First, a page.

Sunday, May 4, 2014

The effect of expectations in economics

Beef. Wikimedia Commons (link).
I started out a post a few days ago with saying I had a beef with use of expectations in economics that I thought I'd flesh out a bit in light of some comments from Tom Brown and Mark Sadowski. I didn't mean to imply that expectations didn't have an effect on the direction of prices. The beef was with the use of expectations in theoretical models in economics. The particular case I called out was inflation expectations -- a theory including measured expectations was no more predictive of inflation than a simple martingale that used past inflation to predict future inflation. In fact, the expectations model was systematically inaccurate. 

The point of my post was to show that systematic inaccuracy leads to information loss which translates into a negative impact on the economy. However I didn't emphasize enough that it doesn't matter the sign of the inaccuracy -- even over-optimism should lead to information loss and a negative impact on the economy. The systematic high inflation expectations above could lead to sub-par NGDP growth relative to the fundamentals. In fact, ever since inflation reached a peak in the late 1970s in many industrialized countries, people have expected higher inflation than actually occurred and NGDP growth has been lower (I'm not saying this is the correct reason for this; there are many different explanations).

Mark Sadowski linked [pdf] in his comment to a report that showed an impact of expectations of uninformed vs informed consumers based on a recession being "called". Essentially when a recession is called, even if it is just a "red zero" where it could have easily been negative because of random chance (not fundamentals), it creates a disproportionate negative impact on consumer spending by "uninformed consumers". In the information transfer model we'd explain this by saying some subset of the population updated their probabilities of expected growth rate incorrectly, leading to information loss, creating a negative impact on the economy. This is just another example of being incorrectly pessimistic about the fundamentals leading to negative impact.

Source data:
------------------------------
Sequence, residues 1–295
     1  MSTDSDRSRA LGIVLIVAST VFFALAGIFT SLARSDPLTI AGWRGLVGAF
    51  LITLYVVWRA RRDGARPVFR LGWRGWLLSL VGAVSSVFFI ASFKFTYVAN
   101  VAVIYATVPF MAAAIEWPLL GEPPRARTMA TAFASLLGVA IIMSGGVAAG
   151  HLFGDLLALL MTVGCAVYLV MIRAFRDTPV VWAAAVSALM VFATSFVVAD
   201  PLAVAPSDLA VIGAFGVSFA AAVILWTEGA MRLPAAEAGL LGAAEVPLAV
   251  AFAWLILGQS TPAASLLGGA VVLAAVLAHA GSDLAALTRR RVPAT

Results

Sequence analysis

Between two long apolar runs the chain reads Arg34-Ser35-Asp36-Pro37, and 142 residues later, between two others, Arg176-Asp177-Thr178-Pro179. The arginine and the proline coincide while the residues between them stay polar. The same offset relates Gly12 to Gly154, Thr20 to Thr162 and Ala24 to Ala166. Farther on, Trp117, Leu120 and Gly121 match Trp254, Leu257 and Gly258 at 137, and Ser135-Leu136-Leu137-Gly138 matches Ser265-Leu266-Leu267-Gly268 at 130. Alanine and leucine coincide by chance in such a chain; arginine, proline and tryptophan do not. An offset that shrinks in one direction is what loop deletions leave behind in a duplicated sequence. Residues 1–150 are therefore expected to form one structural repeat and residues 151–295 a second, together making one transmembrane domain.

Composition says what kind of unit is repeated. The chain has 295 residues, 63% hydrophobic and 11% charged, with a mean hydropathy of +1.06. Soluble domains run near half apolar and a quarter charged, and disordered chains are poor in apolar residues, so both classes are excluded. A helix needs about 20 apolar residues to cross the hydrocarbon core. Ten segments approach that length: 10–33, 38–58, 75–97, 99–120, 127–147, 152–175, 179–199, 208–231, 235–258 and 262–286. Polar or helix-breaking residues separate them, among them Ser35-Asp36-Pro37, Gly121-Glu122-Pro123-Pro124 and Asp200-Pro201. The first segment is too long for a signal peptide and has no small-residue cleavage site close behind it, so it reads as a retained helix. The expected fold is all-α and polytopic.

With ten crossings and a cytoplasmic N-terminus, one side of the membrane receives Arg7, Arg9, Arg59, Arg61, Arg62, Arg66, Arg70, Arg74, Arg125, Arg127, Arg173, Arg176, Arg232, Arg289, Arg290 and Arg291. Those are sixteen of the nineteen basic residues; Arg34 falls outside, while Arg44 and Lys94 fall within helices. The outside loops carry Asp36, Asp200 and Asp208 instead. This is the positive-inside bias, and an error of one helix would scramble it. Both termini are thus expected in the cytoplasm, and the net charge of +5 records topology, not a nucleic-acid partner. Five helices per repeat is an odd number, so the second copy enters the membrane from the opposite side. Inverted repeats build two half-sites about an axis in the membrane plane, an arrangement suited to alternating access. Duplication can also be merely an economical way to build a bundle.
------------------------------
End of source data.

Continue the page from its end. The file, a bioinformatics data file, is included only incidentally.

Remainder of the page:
The interesting cut of the beef, and the one that diverges from mainstream economic thought, is where inaccurate optimism about growth also leads to lower growth. This has particular relevance to monetarist theories purporting that more effective central bank communication could lead to a greater impact of policies such as quantitative easing (even allowing less monetary expansion to achieve the same effect, see e.g. here). Is the sub-par growth in the post-financial crisis period due to expectation of recovery? Maybe. Maybe it's just secular stagnation.

This idea that incorrect expectations lead to a negative impact regardless if they are positive or negative jibes with Milton Friedman's "plucking model" where there is a natural path of e.g. NGDP and deviations are all negative deviations.